Looking for an agent? It's never too soon. Of course, you can do like so many writers and write your book first -- then go looking for an agent and a publisher to buy it. But that's not a particularly business-like approach to writing.
In fact, if you seriously want to publish a successful book you should approach the project just like a business. You want to identify your market -- who will read your finished work. Then you want to put all the pieces in place. Who are the agents and the publishers who specialize in the kind of book you expect to write? What do they look for? What do the books they select look like on the book store shelf? What kinds of success have they worked with? How does your book fit into their normal catalogs? What makes you different?
Typically, you'll pitch your story to an agent who likes to work with the kind of writing you propose. Find out if they work with new writers (if you are one). What is their interest in seeing your work? How much of your project do they like to see finished before they are willing to work for you? They will tell you what needs to be done, whether you need to deliver a summary and two chapters or an outline. They should be able to help you refine your project to maximize interest, since they have a handle on what publishers want. Do your homework. Find out what kind of reputation and track record the agent has. In your initial negotiation with the agent, evaluate just how enthusiastic and effective the agent might be in placing you with a quality publisher.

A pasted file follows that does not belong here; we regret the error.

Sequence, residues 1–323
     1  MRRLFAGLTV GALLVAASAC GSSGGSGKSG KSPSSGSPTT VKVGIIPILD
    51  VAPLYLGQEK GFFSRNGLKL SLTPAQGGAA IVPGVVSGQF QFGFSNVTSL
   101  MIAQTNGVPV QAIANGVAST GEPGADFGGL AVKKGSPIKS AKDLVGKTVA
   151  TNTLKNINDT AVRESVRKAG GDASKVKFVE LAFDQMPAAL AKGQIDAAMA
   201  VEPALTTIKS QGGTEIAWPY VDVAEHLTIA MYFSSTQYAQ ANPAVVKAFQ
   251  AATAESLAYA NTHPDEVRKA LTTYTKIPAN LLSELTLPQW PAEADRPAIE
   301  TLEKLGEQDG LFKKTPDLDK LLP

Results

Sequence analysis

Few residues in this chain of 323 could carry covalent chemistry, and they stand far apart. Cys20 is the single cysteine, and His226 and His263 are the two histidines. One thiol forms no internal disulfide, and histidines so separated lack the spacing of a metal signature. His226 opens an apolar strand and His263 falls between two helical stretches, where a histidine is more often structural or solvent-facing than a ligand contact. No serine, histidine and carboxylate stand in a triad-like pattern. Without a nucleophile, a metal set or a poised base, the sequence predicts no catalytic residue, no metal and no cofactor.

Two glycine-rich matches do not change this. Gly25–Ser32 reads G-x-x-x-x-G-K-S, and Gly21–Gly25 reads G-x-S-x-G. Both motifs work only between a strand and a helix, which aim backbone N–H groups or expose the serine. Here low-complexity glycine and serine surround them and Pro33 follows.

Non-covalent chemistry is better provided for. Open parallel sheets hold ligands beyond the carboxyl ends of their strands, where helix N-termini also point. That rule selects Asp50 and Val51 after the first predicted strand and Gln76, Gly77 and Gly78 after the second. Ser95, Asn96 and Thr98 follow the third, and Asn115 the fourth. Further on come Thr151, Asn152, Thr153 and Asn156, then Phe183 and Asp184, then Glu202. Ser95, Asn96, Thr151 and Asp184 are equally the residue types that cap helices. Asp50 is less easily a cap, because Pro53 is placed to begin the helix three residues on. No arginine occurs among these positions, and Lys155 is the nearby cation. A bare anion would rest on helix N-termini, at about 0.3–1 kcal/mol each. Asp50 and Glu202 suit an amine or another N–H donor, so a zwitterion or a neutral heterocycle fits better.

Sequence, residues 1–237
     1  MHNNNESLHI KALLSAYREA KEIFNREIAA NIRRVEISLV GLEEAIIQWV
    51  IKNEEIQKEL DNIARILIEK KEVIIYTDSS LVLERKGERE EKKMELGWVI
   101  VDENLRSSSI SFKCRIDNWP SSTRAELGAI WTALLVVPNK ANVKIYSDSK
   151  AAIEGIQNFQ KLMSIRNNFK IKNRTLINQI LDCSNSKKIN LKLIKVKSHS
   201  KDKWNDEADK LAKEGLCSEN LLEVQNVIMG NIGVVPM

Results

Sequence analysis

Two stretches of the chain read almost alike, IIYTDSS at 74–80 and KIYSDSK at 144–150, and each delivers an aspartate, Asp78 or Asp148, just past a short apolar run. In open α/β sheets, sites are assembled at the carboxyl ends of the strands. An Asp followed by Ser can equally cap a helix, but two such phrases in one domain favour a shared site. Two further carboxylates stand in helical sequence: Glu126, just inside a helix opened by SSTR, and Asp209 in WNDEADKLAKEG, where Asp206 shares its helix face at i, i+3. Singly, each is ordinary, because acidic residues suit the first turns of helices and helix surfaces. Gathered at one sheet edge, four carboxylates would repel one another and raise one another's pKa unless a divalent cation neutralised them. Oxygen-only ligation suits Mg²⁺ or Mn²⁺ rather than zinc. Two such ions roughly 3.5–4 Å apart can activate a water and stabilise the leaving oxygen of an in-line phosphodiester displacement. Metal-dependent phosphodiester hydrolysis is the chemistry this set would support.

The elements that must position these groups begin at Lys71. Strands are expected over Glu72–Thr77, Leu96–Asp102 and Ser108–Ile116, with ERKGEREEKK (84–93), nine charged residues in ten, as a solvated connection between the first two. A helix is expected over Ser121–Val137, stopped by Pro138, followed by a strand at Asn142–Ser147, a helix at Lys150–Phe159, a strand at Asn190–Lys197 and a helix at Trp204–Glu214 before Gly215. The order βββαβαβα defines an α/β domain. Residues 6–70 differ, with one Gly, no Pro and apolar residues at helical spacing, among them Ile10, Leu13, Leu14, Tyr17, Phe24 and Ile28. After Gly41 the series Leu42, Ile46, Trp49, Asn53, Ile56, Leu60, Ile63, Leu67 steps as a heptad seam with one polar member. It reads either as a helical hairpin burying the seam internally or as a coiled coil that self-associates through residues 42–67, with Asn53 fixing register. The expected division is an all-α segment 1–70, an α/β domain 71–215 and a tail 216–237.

Agents specialize in marketing book length projects. An agent's job is to know what editors and publishers are looking for and to negotiate the best possible contract for you. Do you need an agent? Well, yes and no. There's nothing that says you can't do the work of finding a publisher and overseeing the process yourself. But if you want to get accepted by some of the major publishers and if the name of the publisher is important to you, then you really do need to get an agent. Some of the bigger publishers will not deal directly with writers.
There's also the issue of time and focus. You put a great deal of your time and energy into writing your book. If you need to stop your creative process to get out and promote yourself, you may seriously hinder your progress. It makes sense to have an Agent on your team.
Not only does an Agent do all the time consuming work of getting the attention of the movers and shakers in publishing, but the Agent also gives you a very important edge. Just as in any business promotion, people don't always believe what you say about yourself, or pay much attention to advertising/self-promotion. But when another person promotes you -- can speak on your behalf -- then you are positioned for success.March 21, 2017 begin your project with confidence, knowing that there is a good chance that your finished product will get a fair reception.
Here are some good places to begin your search for an agent:
Writer's Market Instant Access to Editors and Agents
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